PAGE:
Vegan for Everyone

Deli Favorites Reinvented at the Butcher’s Son

by Anya Wayne

In the 1960s and 1970s, there was a New York City ad campaign for Levy’s Jewish Rye Bread which featured non-Jewish New Yorkers — an older Asian man, a young Black child, and a Native American with braids — munching blissfully on a rye bread sandwich. The concept was to take a food associated with a certain culture and show its appeal to a wider audience. Famous in U.S. marketing history, the tagline was, “You don’t have to be Jewish to love Levy’s real Jewish rye.” The campaign became so beloved that posters of the ads were sold to the public. Many of them ended up on the walls of delis throughout the country.

With its unique version of deli fare, The Butcher’s Son on University Avenue extends the appeal of vegan food to a wider audience. A combination sit-down restaurant plus deli/market, appointed in pale wood and filled with sunlight shining through the plate glass frontage, The Butcher’s Son is a culinary destination for people seeking to revel in the joys of faux animal products. They make their own varieties of vegan protein that are closer to the real thing than any I’ve ever tasted. The only thing missing, perhaps, is a sign on the wall adopting from the Levy’s campaign that says, “You don’t have to be vegan to love the Butcher’s Son.

The menu is comprised primarily of decadent deli sandwiches, including East Coast favorites like meatball, pastrami and grinders, but also offers up healthy salads and treats like fried mozzarella, Their desserts include cheesecake and cannoli. On weekends, And it’s all vegan. The Butcher’s Son also offers brunch. The restaurant has a savory smell that is, if not meaty, still mouthwatering. Co-owner Peter Fikaris developed the menu and all the animal-protein alternatives that are its backbone. Fikaris is not the son of a butcher, but he has been working in the food business most of his life. His dad owned Michael’s American Vegetarian Diner in Berkeley, which closed in the early 2000s. According to Fikaris, his restaurant is about doing what is, “new and different, but still familiar…and doing it sustainably.” Later in our interview, Fikaris noted “Electric cars and alternative meats are better for the planet and better for ourselves.” That, he says, is also the appeal of the restaurant.

It’s Saturday afternoon, traffic is whizzing by on University Avenue, and as usual there’s a line outside The Butcher’s Son. Waiting to get in, three young guys, Howie, Josh and Sean, agree to talk with me (but not to tell me their full names). Howie and Josh say that the Buffalo Bacon Ranch Fried Chicken Sandwich is the thing to order, and they were bringing a third friend to try it. I asked if they were vegan. Only Howie was. He admitted he missed animal products, and that the alternatives they serve at The Butcher’s Son make being vegan enjoyable. “I’ve eaten here at least 20 times,” said Howie. Josh was visiting from Louisville, KY. He imagines that he would include more vegan food in his diet if there was something like The Butcher’s Son where he lives. The third friend, Sean, who described himself as an “omnivore,” wants to reduce the amount of animal protein he consumes. He was excited to try The Butcher’s Son and the sandwich his friends were raving about.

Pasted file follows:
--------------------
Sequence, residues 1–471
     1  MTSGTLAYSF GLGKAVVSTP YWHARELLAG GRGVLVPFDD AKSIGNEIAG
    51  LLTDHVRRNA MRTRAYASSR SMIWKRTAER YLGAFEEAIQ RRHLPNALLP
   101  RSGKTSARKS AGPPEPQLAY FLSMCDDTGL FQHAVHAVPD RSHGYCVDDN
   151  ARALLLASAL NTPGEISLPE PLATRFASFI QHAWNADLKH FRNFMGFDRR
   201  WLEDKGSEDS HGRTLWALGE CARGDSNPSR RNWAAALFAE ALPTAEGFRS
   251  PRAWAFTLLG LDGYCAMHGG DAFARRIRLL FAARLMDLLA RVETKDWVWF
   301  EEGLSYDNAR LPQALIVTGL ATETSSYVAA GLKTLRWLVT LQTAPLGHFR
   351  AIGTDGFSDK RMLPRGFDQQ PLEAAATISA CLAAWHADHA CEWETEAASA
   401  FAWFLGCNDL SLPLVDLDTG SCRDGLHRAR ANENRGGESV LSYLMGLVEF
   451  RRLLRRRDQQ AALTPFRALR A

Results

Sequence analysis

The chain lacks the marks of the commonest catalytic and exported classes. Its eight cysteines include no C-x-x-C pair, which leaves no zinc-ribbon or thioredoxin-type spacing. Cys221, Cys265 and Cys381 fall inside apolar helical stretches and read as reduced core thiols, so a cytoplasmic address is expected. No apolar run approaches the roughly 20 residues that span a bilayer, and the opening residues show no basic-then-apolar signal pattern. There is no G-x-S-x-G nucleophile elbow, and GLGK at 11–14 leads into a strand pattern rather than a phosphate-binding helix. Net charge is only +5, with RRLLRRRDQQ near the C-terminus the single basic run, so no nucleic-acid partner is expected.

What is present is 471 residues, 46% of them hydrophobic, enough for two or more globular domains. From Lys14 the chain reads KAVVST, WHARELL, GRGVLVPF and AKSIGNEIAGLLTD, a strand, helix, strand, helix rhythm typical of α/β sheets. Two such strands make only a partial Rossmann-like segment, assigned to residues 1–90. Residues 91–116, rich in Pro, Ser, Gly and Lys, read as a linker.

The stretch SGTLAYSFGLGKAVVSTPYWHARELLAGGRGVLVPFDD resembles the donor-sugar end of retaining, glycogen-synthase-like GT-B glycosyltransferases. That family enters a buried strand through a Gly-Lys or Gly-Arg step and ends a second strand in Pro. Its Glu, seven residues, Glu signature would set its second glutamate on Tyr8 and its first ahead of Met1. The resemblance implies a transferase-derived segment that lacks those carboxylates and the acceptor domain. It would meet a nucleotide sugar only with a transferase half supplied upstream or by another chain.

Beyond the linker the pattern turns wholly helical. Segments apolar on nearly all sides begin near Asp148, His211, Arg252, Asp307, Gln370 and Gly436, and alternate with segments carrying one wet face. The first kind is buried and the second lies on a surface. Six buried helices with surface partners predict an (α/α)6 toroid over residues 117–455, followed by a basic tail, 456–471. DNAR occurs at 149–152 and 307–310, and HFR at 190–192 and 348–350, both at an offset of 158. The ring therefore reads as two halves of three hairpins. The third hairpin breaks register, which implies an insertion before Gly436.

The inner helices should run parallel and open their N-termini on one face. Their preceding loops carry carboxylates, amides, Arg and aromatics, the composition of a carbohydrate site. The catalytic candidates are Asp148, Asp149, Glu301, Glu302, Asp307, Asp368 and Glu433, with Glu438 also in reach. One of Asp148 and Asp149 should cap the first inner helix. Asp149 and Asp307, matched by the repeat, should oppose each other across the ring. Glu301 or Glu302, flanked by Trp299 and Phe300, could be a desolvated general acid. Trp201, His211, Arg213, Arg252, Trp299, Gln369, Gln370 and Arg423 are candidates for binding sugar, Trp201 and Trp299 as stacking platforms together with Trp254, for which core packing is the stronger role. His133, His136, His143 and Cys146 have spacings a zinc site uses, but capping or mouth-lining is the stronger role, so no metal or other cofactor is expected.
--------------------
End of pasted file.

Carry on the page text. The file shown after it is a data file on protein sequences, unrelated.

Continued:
Cannoli are among my favorite desserts, and I try them whenever they are on a menu. The Butcher’s Son, in my opinion, even nails the cannoli. That’s a rare thing, since cannolis are hard to do well. Cannoli get soggy fast — nothing can prevent that; they have to be good enough to sell out quickly, so the next batch can be made. Like everything on the menu, these cannoli are slightly different than their animal-based counterparts. The vegan filling is stickier than one made of ricotta, and its sweetness has a fruity tang that the traditional filling lacks. The shell is made out of a waffle tuile, not the traditional fried dough. Still, the cannoli at The Butcher’s Son cover all the bases: creamy filling with the mouthfeel of sugar and curds is paired with a shatteringly crisp shell that breaks apart with each bite.

In addition to the food, the atmosphere inside The Butcher’s Son is part of what makes it feel so authentic. It is a deli, albeit a different kind of deli, one with open space, light and backyard seating with a rose garden. Chairs are covered in red vinyl, and spices line shelves on the wall. A separate market section fills a corner of the space, with alternative meats and cheeses, vegan desserts and other carry-out goods for sale. A harmony of customers’ voices, the clink of silverware on plates and the open-kitchen music of spatulas on the grill sing the song of good food.

Manager Ryan Walker is a young, light-haired woman with an inviting open, friendly face. She and I talked about the mix of clientele at The Butcher’s Son. “We get a lot of omnivores,” she said. “The Butcher’s Son is a welcoming place. We set an example of co-existing rather than being in your face,” she added. The Butcher’s Son’s innovative vegan concept, which draws in a wider clientele than a traditional vegetarian restaurant, might represent the next generation of vegan cuisine: Vegan 2.0, so to speak.

To Visit: The Butcher’s Son 1954 University Ave. Berkeley, CA (510) 984-0818 thebutchersveganson.com 

To Order Online: thebutcherssonca.com

At the top: Buffalo Bacon Ranch Fried Chicken Sandwich 

Photo Credit: Shannon LaVelle

 

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